Specifically focused on composite wood products, this label verifies that standards set by the California Air Resources Board are being met. Compliance requires that the producers of plywood, particleboard, MDF, and other composite products meet the limits for formaldehyde emissions
#17 Rainforest Alliance Certified
The Rainforest Alliance created this seal to verify that farms and forests (and any products that they produce) are economically, socially, and environmentally sustainable. The Rainforest Alliance partners with the Sustainable Agriculture Network, the Forest Stewardship Council, and the Global Sustainable Tourism Council to ensure that their standards are being met.
#18 Processed Chlorine Free and Totally Chlorine Free
These accreditations from the not-for-profit Chlorine Free Products Association (CFPA) are meant to distinguish paper products that do not use chlorine or chlorine compounds in the processing. Chlorine-free processing can aid in keeping rivers and water supplies clean. The Processed Chlorine Free label is reserved for recycled content paper with at least 30% post consumer content.
#19 CRI Green Label & Green Label Plus
These labels issued by the Carpet and Rug Institute indicate that carpet, carpet backings, cushions and adhesives emit low amounts of VOCs (Volatile Organic Compounds). The Green Label Plus is given to those carpeting products that exceed the green building requirements dictated by California schools which focus on post-consumer content, VOC emissions, the absence of PBDE flame retardant, life cycle assessment, and recycling.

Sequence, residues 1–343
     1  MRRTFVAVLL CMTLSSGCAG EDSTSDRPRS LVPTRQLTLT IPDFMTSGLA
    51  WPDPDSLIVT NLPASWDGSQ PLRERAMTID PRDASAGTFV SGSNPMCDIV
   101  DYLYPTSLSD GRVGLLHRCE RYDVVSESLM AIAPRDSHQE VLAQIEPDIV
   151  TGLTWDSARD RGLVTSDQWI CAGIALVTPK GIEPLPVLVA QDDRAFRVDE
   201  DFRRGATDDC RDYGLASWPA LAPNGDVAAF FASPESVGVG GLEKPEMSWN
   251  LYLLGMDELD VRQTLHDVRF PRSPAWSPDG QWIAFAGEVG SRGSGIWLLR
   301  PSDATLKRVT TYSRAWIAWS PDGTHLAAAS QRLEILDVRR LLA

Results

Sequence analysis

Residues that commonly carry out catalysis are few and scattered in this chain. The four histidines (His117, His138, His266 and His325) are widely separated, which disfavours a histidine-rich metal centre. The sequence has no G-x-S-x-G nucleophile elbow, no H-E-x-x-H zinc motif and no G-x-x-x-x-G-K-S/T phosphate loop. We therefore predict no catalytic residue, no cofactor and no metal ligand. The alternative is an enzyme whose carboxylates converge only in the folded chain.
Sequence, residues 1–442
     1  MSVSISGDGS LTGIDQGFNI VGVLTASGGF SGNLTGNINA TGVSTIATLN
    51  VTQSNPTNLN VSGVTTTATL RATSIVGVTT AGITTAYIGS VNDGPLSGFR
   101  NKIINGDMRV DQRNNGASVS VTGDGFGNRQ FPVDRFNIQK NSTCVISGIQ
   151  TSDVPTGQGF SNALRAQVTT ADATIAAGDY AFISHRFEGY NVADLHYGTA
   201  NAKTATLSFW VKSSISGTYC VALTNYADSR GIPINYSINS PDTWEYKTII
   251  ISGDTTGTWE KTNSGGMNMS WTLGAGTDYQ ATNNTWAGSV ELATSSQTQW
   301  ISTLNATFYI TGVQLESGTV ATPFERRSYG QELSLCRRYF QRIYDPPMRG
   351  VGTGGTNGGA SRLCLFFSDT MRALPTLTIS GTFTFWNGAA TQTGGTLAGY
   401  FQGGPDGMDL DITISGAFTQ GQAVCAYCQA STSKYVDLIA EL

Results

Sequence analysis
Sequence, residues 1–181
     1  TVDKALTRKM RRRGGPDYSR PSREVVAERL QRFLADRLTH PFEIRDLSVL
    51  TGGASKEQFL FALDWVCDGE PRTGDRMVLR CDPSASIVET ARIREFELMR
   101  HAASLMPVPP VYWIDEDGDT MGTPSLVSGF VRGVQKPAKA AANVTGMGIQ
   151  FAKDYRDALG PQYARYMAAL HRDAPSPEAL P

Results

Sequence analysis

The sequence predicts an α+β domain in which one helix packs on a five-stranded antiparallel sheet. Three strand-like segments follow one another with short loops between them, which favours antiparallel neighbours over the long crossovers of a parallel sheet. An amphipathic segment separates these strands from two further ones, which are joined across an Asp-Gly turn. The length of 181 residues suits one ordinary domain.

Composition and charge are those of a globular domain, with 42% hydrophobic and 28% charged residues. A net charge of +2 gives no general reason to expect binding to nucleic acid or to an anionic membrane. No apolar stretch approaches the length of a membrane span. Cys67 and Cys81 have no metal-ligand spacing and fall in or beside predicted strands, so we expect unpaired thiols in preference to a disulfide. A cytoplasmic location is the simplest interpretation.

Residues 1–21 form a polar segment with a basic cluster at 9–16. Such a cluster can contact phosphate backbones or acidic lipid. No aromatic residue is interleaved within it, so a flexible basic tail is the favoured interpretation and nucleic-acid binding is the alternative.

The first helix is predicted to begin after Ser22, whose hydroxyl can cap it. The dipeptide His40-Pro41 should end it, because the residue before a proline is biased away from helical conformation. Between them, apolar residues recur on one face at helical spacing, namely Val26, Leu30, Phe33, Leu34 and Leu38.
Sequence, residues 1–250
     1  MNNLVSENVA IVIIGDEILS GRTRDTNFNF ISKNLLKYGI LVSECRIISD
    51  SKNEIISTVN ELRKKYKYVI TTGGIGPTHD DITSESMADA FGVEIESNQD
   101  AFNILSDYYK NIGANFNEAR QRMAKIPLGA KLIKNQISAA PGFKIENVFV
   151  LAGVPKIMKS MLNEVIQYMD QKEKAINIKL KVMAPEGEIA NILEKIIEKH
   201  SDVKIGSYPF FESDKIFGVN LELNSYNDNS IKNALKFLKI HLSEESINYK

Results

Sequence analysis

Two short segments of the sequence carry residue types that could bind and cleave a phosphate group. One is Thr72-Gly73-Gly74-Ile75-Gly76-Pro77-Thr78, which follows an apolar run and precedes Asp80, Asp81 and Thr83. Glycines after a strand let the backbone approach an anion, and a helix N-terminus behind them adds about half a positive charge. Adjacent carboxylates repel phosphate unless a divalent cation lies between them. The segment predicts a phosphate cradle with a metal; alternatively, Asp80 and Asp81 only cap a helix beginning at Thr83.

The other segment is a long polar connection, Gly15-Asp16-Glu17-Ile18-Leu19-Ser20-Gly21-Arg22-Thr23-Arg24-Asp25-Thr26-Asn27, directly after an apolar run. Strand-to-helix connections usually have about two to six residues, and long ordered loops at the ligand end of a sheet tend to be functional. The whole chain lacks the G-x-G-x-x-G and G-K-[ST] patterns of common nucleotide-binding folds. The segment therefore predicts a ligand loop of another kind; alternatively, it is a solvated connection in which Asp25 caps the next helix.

#20 SMaRT Certified
The Institute for Market Transformation to Sustainability developed SMaRT certification to help homeowners better identify eco-friendly building materials. Materials are held to strict social performance requirements for sustainable products, achieving Sustainable, Sustainable Silver, Sustainable Gold or Sustainable Platinum ratings. Building products, fabric, apparel, textiles & flooring coverings that meet rigorous standards for life cycle assessment and green practices throughout the supply chain are awarded the SMaRT certification label.
FloorScore is the most recognized indoor air quality (IAQ) certification standard for hard surface flooring materials, adhesives, and underlayments. This certification was developed by the Resilient Floor Covering Institute (RFCI) in conjunction with Scientific Certification Systems (SCS) to test and certify hard surface flooring and flooring adhesive products for compliance with rigorous indoor air quality and low-VOC emissions requirements.
#22 SCS Certified Indoor Advantage
The VOC criteria for SCS Indoor Advantage certification is based on emission criteria established by the Business and Institutional Furniture Manufacturer’s Association‘s (BIFMA) standard for low-emitting office furniture systems and seating. Indoor Advantage Gold certification includes other product categories such as paints and coatings, adhesives and sealants, carpet, insulation, wall coverings, and other interior products.
#23 SCS Certified Recycled Content
This certification validates that a product contains pre-consumer or post-consumer materials. As defined by SCS, pre-consumer material has been diverted from the waste stream during the manufacturing process. Materials generated in a process and capable of being reclaimed within the same process (such as rework, regrind or scrap) are excluded. Post-consumer material is generated by households or by commercial, industrial and institutional facilities in their role as end-users of a product that can no longer be used for its intended purpose.
Whether you’re doing a remodel or building an entirely new home these certifications will help you make sure you’re using the most environmentally friendly and sustainable products. Another added benefit is that you can get your home certified by one of these organizations and if you decide to sell in the future you can prove that the home is well above standard construction practices in its energy-efficiency and carbon footprint.In fact, in 2011 an Earth Advantage Study found that “on average, green-certified, new homes sold for 8 percent more than non-certified green homes. Additionally, resale prices of existing green homes were about 30 percent more than conventional homes.”